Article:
So there you have it. New­comb hap­pens. New­comb hap­pened. You might be won­der­ing, what did the real Joe do?

In real life, Joe ac­tu­ally rec­og­nized the similar­ity to New­comb’s prob­lem, re­al­iz­ing for the first time that he must be­come up­date­less de­ci­sion agent, and not­ing his 90% cer­tainty, he self-mod­ified by adopt­ing a moral pre-com­mit­ment to never leav­ing Kate should they marry, pro­posed to her sincerely, and the rest is his­tory. No joke! That’s if Joe’s ac­count is ac­cu­rate, mind you.


1 This is not a so­cial com­men­tary, but an illus­tra­tion that prob­a­bil­is­tic New­comblike sce­nar­ios can and do ex­ist. Although this also does not hinge on whether you be­lieve Joe’s ac­count, I have pro­vided it as-is nonethe­less.

2 If you care about causal rea­son­ing, the other half of what’s sup­posed to make New­comb con­fus­ing, then Joe’s prob­lem is more like Kavka’s (so this post ac­ci­den­tally shows how Kavka and New­comb are similar). But the dis­tinc­tion is in­stru­men­tally ir­rele­vant: the point is that he can benefit from de­ci­sion mechanisms that are ev­i­den­tial and time-in­var­i­ant, and you don’t need “un­rea­son­able cer­tain­ties” or “para­doxes of causal­ity” for this to come up.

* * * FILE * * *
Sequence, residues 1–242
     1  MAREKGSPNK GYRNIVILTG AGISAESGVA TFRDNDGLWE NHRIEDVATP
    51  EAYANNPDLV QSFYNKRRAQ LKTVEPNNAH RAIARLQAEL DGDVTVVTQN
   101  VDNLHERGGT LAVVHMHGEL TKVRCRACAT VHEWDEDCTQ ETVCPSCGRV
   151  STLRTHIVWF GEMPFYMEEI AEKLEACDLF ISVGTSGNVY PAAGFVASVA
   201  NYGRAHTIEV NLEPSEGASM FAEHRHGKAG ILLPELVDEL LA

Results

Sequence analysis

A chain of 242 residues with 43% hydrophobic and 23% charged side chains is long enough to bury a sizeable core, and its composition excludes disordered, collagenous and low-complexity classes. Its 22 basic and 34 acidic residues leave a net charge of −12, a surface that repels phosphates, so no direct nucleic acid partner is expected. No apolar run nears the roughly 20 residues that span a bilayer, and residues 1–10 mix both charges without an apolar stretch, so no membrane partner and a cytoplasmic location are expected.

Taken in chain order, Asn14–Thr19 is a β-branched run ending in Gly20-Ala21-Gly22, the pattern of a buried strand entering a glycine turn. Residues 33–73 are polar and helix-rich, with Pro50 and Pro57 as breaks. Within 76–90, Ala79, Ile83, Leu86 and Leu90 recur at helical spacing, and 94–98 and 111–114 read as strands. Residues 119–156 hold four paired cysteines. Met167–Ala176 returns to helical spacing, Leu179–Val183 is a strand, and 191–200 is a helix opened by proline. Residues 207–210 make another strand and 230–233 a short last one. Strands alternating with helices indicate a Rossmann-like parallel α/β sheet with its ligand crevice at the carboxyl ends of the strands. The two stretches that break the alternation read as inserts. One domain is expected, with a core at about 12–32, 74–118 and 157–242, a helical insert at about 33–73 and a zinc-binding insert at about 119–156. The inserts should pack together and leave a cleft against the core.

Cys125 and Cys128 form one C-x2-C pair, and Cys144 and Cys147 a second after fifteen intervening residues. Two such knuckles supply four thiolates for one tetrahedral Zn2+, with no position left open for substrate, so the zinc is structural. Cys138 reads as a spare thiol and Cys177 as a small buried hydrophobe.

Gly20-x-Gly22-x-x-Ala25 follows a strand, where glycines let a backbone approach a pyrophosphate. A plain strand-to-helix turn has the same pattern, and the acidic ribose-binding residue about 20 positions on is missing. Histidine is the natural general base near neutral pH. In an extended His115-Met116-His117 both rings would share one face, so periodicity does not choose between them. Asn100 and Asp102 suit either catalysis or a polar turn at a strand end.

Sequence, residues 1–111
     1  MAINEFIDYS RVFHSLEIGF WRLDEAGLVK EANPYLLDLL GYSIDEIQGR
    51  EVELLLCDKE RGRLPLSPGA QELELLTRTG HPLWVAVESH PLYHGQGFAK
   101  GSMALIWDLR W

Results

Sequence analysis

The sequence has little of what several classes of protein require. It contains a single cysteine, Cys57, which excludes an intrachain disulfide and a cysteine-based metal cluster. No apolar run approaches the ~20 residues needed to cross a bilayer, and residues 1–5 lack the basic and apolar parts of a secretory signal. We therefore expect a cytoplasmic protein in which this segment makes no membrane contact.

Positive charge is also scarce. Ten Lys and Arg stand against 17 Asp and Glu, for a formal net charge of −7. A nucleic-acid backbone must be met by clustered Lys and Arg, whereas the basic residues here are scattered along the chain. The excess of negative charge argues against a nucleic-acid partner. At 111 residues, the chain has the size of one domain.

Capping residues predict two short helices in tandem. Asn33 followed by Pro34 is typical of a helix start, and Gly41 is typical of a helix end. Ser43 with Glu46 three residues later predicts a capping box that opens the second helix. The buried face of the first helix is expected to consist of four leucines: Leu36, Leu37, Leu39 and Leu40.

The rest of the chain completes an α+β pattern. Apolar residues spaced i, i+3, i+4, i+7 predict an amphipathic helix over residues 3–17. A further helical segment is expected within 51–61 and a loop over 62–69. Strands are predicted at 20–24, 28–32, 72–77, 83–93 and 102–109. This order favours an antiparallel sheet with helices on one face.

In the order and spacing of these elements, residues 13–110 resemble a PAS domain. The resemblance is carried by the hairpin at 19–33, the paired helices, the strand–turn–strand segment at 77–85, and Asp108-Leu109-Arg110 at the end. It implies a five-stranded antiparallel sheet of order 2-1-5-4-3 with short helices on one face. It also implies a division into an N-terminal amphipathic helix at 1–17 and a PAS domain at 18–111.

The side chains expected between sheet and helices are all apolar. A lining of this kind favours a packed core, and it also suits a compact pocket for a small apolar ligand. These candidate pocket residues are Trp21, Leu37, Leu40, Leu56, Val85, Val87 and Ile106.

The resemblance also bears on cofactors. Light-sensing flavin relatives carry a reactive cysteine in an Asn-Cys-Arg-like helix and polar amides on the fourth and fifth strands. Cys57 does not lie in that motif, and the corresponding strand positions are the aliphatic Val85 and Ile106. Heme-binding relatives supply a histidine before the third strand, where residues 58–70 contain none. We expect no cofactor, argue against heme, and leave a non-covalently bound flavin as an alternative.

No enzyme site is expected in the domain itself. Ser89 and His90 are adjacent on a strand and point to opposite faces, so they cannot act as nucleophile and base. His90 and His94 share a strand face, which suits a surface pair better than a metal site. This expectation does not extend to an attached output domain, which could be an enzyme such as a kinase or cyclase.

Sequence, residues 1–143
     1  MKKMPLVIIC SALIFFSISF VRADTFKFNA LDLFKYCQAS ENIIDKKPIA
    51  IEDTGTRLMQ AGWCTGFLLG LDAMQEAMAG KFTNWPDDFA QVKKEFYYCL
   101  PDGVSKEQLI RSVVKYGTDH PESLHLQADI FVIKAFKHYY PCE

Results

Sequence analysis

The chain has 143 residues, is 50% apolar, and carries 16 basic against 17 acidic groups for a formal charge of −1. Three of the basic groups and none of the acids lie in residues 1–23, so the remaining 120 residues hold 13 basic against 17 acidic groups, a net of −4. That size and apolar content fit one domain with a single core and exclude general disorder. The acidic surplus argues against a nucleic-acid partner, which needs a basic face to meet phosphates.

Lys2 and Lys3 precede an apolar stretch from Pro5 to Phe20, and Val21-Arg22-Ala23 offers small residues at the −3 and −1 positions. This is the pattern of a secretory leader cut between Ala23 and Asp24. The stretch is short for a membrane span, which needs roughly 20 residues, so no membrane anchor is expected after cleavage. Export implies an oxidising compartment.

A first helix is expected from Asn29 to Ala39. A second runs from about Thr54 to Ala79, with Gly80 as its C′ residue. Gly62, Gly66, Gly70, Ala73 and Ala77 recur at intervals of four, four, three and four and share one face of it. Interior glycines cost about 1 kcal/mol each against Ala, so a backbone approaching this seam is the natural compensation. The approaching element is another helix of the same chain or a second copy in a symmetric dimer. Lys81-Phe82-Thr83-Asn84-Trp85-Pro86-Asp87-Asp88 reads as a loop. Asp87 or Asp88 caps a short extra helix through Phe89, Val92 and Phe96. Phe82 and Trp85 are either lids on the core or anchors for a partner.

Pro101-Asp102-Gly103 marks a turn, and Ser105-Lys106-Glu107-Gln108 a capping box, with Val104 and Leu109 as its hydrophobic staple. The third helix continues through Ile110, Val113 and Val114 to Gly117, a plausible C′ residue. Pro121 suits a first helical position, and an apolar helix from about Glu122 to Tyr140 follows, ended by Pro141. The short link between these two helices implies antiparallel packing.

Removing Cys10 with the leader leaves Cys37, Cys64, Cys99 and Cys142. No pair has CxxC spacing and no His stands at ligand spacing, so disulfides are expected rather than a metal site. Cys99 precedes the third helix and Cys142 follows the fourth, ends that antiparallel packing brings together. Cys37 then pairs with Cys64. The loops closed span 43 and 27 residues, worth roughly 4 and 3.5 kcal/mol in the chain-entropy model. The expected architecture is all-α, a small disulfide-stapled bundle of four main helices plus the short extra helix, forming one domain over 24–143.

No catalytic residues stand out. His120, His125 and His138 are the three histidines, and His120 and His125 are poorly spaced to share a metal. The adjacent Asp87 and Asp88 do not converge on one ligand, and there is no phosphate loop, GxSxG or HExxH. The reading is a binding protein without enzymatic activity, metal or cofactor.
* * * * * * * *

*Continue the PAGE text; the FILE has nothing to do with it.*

3 New­comb in­volves “strong” dom­i­nance, with the sec­ond row always strictly bet­ter, but that’s not es­sen­tial to this post. In any case, I could ex­hibit strong dom­i­nance by re­mov­ing “if they do get mar­ried” from Kate’s pro­posal re­quire­ment, but I de­cided against it, fa­vor­ing in­stead the ac­tual ac­count of events.